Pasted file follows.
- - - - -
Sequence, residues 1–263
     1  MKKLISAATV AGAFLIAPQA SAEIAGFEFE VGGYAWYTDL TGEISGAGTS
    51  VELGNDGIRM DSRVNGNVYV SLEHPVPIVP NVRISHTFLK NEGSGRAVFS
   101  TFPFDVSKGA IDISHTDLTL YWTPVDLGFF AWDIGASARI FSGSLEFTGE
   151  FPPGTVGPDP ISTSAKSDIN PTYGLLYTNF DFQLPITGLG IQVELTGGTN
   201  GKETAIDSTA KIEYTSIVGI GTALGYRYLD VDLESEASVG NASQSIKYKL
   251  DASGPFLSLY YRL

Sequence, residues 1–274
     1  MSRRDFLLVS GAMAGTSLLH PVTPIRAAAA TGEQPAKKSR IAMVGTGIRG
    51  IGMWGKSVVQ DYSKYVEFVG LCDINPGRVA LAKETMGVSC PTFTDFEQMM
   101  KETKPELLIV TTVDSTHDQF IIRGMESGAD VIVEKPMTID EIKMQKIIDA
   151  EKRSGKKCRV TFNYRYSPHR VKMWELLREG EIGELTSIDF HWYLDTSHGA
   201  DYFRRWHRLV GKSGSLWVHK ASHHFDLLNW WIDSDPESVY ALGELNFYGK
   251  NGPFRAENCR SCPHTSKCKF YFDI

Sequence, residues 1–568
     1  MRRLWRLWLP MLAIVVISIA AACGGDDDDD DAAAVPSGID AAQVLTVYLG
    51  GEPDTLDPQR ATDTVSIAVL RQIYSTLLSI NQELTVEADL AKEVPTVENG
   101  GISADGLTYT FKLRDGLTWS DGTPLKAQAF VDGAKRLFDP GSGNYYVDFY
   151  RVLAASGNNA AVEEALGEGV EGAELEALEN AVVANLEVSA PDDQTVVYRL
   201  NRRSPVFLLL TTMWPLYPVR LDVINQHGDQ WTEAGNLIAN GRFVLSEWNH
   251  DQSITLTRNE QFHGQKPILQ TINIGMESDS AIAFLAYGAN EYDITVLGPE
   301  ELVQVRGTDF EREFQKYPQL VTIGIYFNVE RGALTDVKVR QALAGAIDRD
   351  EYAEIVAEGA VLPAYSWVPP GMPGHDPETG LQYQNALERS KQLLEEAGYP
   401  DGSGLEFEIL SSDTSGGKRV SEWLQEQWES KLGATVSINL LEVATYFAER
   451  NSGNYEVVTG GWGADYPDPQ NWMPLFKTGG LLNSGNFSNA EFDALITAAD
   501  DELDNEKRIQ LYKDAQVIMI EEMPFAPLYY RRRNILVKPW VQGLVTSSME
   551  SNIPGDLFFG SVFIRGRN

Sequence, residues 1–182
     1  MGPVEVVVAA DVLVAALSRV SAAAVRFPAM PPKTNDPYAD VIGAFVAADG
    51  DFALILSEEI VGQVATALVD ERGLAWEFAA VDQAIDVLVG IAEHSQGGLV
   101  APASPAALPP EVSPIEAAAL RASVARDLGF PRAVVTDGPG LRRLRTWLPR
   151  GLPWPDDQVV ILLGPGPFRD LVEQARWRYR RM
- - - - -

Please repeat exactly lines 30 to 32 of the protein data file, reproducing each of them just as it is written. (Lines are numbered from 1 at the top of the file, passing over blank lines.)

    51  DFALILSEEI VGQVATALVD ERGLAWEFAA VDQAIDVLVG IAEHSQGGLV
   101  APASPAALPP EVSPIEAAAL RASVARDLGF PRAVVTDGPG LRRLRTWLPR
   151  GLPWPDDQVV ILLGPGPFRD LVEQARWRYR RM